According to the arresting document, authorities had some idea MNWR occupiers were in possession of explosives from the very beginning due to a tip to law enforcement by a confidential informant (CI) on the day of the takeover:
“The BLM was notified later that day by a Harney County Sheriffs Officer that a source informed him that the group controlled the MNWR and had explosives, night vision goggles, and weapons and that if they didn’t get the fight they wanted out there they would bring the fight to town.”
Ammon Bundy, the admitted head of the militant group, also told the FBI they had found explosives in the fire house at the refuge, promising they would “never ever” use them adding,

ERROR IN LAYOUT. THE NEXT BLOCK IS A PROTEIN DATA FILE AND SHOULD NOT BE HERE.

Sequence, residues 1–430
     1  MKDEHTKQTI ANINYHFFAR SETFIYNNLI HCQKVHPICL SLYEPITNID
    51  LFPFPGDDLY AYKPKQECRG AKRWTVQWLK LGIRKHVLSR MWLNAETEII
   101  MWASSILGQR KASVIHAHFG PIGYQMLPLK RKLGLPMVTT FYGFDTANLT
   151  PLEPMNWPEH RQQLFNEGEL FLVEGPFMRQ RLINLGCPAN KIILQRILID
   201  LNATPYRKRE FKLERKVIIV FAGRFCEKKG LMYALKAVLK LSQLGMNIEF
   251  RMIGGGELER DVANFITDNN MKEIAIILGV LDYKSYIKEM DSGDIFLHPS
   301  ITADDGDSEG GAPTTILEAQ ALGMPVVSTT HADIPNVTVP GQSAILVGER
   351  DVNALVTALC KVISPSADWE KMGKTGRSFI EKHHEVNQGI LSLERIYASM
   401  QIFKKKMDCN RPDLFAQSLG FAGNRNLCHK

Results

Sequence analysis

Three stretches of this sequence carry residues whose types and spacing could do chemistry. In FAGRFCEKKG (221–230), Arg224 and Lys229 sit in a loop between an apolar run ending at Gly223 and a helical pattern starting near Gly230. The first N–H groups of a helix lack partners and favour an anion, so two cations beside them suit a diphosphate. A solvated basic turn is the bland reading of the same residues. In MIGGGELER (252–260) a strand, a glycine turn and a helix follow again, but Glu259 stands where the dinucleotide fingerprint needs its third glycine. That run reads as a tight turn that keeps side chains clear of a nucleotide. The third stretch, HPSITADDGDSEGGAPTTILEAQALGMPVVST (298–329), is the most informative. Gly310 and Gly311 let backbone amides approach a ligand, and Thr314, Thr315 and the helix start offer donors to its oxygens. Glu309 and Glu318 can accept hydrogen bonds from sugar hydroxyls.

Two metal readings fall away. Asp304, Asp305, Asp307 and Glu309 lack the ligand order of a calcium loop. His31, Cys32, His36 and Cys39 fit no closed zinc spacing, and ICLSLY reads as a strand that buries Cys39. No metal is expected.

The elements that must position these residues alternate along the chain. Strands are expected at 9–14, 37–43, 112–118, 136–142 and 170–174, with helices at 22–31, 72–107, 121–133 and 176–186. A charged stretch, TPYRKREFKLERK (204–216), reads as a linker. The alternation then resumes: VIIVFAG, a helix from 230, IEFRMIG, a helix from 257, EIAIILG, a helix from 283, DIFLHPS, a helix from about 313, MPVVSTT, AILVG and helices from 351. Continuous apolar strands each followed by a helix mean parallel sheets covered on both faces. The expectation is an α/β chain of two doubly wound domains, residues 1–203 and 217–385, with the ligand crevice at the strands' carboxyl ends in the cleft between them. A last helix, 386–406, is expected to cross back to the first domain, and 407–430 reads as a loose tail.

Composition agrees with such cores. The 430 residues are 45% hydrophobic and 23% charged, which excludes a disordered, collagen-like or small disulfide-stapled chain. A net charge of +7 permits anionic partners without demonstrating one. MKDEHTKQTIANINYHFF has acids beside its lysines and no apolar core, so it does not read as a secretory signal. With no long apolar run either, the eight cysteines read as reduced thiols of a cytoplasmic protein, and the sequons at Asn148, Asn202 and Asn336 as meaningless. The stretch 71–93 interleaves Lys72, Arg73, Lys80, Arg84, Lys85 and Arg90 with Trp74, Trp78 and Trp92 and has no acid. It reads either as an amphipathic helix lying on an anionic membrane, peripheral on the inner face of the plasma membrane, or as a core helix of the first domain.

“It would take somebody that would know what they are doing to use them“.
There were many people in the Bundy circle who had the know-how.
In an AP article on Feb. 12, Larry Karl, the assistant special agent in charge of the Portland FBI said,
“There was flammable liquid and hazardous materials stored at the site before the armed takeover, and the FBI had information that ‘certain materials’ might have been brought to the refuge by the protesters.”
Bundy supporter Barbera Berg, a woman who had snuck in and out of the refuge in the last days of the final four holdouts, posted a photograph of what she claimed to be explosives on March 12. She said she discovered them in the firehouse at Malheur. Berg claims to be an expert on explosives.